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Ex-Venezuelan treasurer near Chavez target the money laundering probe



South Florida US federal agencies are launching a massive money laundering case against a former high-ranking Venezuelan official close to the late President Hugo Chávez, as well as other former high-ranking officials and financial officials who have worked with them.

Alejandro Andrade, a former bodyguard of Chávez, who became treasurer between 2007 and 2010, is suspected of stealing millions of dollars he stole from the Venezuelan government to horses in South Florida and elsewhere and other assets to invest. Miami sources and former Venezuelan government officials familiar with the investigation.

Andrades' acquisitions in South Florida and other parts of the United States are not recorded in public records because the purchases were made by shell companies hiding his property, he said. Andrade and several other members of the Venezuelan government, the banking and business sectors are suspected of enriching themselves by selling billions of dollars in bonds, benefiting from fluctuating exchange rates and hiding their profits on Swiss bank accounts and US assets Investigation stands out from several criminal cases against former Venezuelan officials in recent years, as Andrade was among the most trusted members in Chávez's narrowest circle. The Socialist leader died in 201

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Andrade, 53, frequently traveled in his private jet between Caracas and South Florida since leaving the public office eight years ago, according to sources familiar with his activities and published reports. He's a fixture in Wellington's affluent Palm Beach County community, known for its equestrian competitions and high-society polo games. He owns a house in Wellington and his son has participated in major show jumping tournaments in Venezuela and other parts of the world, according to the Starting Gate Communications advertising agency. Andrade is also a partner in a South Carolina farm that raises show horses and holds equestrian competitions

For many Venezuelan expert observers, drastic oil prices, socialist policies, systemic corruption and the plundering of potentially billions of dollars have made Latin America one of the richest countries in Latin America the poorest in the world. Hundreds of thousands of Venezuelans have been forced to seek refuge in neighboring countries to escape famine while the wealthy invest in luxury apartments and homes in the Miami area.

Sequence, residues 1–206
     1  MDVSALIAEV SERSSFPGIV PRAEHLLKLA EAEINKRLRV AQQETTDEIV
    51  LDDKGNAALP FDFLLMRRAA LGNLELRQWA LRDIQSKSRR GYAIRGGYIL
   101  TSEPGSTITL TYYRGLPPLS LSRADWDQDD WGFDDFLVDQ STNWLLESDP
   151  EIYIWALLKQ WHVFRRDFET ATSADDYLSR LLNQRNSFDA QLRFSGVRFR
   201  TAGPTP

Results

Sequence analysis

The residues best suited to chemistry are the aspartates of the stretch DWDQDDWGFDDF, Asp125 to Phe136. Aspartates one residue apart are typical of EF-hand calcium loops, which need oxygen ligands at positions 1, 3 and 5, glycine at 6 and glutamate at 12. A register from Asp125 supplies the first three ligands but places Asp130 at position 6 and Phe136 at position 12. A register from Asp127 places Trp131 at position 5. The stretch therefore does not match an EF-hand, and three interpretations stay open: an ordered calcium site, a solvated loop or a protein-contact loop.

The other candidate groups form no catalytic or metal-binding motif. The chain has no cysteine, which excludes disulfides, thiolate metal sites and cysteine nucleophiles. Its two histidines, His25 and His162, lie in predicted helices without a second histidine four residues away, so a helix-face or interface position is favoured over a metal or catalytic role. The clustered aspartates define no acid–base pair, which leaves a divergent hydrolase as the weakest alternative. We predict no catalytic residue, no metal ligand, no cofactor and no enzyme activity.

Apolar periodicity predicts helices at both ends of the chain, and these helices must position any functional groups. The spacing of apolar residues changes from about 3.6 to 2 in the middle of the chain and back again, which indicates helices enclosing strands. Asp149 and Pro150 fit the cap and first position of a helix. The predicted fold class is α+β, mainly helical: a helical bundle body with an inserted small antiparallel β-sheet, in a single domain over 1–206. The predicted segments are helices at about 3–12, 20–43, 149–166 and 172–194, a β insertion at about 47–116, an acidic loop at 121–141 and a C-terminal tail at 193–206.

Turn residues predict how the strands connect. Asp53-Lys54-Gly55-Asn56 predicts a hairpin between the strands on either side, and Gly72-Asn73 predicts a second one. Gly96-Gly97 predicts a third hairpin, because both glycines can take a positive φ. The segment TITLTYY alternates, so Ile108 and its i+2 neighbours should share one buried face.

Corruption is not only prevalent in the government of Chávez's successor, President Nicolás Maduro, but it is also used to maintain its power, said Diego Moya-Ocampos, Latin America's main analyst for IHS Markit, a London-based company that evaluates investment risks around the world.

"Chávez rose to power under the banner of fighting corruption, but the political transformation he initiated in 1999 eventually became a kleptocracy," Moya-Ocampos said. "However, the situation has gotten out of control and the sheer size of all this corruption has resulted in the humanitarian crisis devastating the country."

The US Attorney's Office in Miami declined to comment on Andrade and others. Andrade's defense attorney, former public prosecutor Curtis Miner, was out of the country and did not respond to inquiries from cell phones and emails seeking a comment. Roberto Martinez, a former US lawyer working with Miner in this case, said he could not comment.

Andrade's successor as national treasurer, Claudia Patricia Díaz Guillén, is also being investigated in the South Florida case on suspicion of money laundering from government bond sales, according to sources familiar with the investigation. It is believed that Diaz, a former naval officer, lived in the Dominican Republic, according to published reports in Venezuela . Her husband, Adrián Velásquez Figueroa, is a former Venezuelan presidential guard.

Other investigators are Venezuelan bankers and businessmen associated with the governments of Chávez and Maduro, it said.

A case against Andrade could have a significant impact on other members of the former government of Chávez and those in the private sector who worked with them. As the national treasurer of Venezuela, Andrade could help investigators in South Florida disentangle the financial secrets of the former regime and track down those who stole them.